Finally this seems a good place to hang another blog I did a couple of years ago and for some complicated reason took down. It was part of a series I was writing about gigs I’d been to in the past, and certainly doesn’t cover all my experience of seeing Beefheart live – just the first one I went to. Here it is :-

When I was about 7 years old I first came across Mad magazine. There was something very disturbing about it. I was used to stories with goodies and baddies where the former would always eventually triumph. The comic strips in Mad took those very same goodies and recreated them as flawed, unpredictable characters.

Some 8 years later I had similar feelings when I first came across Captain Beefheart and his music. I didn’t get it and wasn’t even intrigued. (These days you can point your browser, find anything there is to know about a band or a musician, find their influences, look those up too and in most cases listen to some of it. As a teenager in the 60s you had to work hard for a bit of knowledge. I’m not convinced that we’re necessarily better off now. Only time will tell.)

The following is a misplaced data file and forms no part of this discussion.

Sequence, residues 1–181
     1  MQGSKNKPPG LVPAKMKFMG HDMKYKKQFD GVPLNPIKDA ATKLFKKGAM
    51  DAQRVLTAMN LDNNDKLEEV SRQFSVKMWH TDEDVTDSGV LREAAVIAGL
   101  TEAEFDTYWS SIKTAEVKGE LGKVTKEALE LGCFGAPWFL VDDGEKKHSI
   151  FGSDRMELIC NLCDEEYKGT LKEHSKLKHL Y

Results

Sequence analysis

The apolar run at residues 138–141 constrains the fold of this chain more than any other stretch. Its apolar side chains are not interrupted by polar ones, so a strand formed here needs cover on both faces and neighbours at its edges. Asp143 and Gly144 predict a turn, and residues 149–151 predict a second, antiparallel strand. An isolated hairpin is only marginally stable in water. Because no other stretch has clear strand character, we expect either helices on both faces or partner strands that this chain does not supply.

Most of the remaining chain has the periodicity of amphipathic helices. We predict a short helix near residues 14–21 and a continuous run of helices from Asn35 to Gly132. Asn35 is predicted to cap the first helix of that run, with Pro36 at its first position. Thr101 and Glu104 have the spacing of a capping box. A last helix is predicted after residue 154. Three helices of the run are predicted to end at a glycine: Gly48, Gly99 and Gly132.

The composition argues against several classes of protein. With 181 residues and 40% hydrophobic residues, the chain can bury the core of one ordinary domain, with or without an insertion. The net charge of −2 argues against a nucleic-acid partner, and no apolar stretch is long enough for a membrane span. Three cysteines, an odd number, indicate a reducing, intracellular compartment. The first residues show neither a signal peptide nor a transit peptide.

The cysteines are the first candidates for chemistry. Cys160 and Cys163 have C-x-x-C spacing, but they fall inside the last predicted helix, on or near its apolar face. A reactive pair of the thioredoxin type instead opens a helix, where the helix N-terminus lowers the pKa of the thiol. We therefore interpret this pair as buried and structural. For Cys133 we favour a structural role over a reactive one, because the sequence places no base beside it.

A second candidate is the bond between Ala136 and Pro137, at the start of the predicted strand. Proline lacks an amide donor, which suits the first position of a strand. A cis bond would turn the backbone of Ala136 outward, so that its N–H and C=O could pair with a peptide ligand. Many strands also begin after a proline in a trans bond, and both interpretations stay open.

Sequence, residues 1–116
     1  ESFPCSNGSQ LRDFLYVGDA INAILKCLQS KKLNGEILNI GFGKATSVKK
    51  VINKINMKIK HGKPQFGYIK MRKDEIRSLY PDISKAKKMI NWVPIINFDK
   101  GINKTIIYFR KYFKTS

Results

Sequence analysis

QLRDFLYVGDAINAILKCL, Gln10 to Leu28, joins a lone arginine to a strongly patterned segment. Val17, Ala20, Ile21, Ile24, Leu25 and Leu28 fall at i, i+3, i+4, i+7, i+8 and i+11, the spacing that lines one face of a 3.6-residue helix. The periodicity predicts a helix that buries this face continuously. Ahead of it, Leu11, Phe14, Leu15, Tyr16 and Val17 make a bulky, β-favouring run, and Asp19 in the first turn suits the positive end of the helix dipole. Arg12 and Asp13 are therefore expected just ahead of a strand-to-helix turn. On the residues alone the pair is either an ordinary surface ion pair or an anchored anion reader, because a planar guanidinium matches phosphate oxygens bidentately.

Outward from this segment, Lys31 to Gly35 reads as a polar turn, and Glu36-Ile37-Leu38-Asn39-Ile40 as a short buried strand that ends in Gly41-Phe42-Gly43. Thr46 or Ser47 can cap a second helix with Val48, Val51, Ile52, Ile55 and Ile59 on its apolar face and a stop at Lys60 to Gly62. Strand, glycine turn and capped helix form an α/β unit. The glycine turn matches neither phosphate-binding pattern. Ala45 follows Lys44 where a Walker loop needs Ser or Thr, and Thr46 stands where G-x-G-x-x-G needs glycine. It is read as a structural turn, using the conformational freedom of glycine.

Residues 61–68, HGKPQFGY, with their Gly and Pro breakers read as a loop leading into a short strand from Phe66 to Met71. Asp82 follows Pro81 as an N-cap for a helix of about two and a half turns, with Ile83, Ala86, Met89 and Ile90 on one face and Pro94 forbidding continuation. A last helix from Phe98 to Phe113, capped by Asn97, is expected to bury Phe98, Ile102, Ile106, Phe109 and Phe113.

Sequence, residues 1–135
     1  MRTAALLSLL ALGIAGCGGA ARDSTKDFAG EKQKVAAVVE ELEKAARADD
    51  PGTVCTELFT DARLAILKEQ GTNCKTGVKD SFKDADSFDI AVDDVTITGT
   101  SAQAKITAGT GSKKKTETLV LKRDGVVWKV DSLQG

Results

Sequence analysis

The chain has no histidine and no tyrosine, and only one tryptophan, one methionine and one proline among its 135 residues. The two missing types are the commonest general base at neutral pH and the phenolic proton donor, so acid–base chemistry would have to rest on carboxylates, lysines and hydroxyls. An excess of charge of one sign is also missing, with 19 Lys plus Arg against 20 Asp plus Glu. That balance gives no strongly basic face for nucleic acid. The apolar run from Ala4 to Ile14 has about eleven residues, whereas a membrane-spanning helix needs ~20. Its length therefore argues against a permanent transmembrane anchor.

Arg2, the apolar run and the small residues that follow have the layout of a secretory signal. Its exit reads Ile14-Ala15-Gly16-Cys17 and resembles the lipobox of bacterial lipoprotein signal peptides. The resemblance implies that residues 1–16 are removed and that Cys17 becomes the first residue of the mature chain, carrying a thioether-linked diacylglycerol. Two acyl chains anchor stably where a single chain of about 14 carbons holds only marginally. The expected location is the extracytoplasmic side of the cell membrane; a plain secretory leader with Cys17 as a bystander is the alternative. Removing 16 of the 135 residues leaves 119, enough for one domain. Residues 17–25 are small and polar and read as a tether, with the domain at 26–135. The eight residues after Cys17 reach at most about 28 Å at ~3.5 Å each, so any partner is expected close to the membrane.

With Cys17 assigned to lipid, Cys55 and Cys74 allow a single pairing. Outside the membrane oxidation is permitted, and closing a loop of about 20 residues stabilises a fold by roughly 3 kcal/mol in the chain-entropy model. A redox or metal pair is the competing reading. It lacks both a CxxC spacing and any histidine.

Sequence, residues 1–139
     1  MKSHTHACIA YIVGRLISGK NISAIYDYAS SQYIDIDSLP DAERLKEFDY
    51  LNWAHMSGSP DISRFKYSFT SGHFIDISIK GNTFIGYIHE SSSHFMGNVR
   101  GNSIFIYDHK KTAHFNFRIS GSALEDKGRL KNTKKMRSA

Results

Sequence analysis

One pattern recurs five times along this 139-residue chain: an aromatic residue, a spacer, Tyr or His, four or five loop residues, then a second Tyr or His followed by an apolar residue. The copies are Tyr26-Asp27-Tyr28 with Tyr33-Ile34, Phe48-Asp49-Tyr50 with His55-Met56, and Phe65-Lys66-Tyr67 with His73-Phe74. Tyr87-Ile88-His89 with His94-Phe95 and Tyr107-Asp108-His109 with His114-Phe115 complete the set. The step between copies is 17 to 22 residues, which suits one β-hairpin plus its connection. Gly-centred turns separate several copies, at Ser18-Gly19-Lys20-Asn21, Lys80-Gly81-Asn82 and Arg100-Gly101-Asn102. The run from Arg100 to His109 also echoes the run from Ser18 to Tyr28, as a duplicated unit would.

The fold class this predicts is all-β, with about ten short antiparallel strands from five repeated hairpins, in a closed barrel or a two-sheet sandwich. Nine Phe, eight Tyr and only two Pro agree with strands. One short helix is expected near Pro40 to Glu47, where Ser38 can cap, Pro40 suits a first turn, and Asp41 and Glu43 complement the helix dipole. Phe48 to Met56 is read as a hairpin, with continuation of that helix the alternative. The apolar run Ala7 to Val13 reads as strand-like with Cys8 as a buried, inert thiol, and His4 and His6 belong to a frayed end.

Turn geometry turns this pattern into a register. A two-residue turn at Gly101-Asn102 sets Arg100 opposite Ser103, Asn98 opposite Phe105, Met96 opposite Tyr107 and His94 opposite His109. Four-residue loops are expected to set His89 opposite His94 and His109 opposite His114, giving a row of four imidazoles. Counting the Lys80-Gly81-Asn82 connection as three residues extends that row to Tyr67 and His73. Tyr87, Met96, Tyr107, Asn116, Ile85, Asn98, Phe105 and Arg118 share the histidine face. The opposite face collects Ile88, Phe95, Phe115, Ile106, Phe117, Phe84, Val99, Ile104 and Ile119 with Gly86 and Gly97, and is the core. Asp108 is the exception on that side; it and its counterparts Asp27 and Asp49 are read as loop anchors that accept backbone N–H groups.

Meanwhile in 1974 in Oxford I buy tickets to see Captain Beefheart at the New Theatre. I have a friend coming to stay for a couple of days and we particularly want to see the support band, Henry Cow. It was the only time I ever saw the latter but their attractive, quirky, cerebral music was a perfect opener for Beefheart. In truth the detail that most sticks in my mind is the standard lamps that they used on stage – that was a great idea.